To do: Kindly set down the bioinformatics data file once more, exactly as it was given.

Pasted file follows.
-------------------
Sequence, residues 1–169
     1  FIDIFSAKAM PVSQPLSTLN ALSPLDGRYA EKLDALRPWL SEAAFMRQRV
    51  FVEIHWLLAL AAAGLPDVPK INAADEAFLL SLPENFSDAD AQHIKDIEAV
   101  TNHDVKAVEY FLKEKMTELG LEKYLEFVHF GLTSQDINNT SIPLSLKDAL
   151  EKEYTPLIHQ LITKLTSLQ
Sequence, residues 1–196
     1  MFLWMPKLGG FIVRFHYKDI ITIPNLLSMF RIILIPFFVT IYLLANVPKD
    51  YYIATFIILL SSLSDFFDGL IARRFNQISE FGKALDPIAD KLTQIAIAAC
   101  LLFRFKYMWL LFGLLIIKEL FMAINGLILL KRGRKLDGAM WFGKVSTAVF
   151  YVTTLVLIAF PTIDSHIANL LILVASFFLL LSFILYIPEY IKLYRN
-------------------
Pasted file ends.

Sequence, residues 1–169
     1  FIDIFSAKAM PVSQPLSTLN ALSPLDGRYA EKLDALRPWL SEAAFMRQRV
    51  FVEIHWLLAL AAAGLPDVPK INAADEAFLL SLPENFSDAD AQHIKDIEAV
   101  TNHDVKAVEY FLKEKMTELG LEKYLEFVHF GLTSQDINNT SIPLSLKDAL
   151  EKEYTPLIHQ LITKLTSLQ
Sequence, residues 1–196
     1  MFLWMPKLGG FIVRFHYKDI ITIPNLLSMF RIILIPFFVT IYLLANVPKD
    51  YYIATFIILL SSLSDFFDGL IARRFNQISE FGKALDPIAD KLTQIAIAAC
   101  LLFRFKYMWL LFGLLIIKEL FMAINGLILL KRGRKLDGAM WFGKVSTAVF
   151  YVTTLVLIAF PTIDSHIANL LILVASFFLL LSFILYIPEY IKLYRN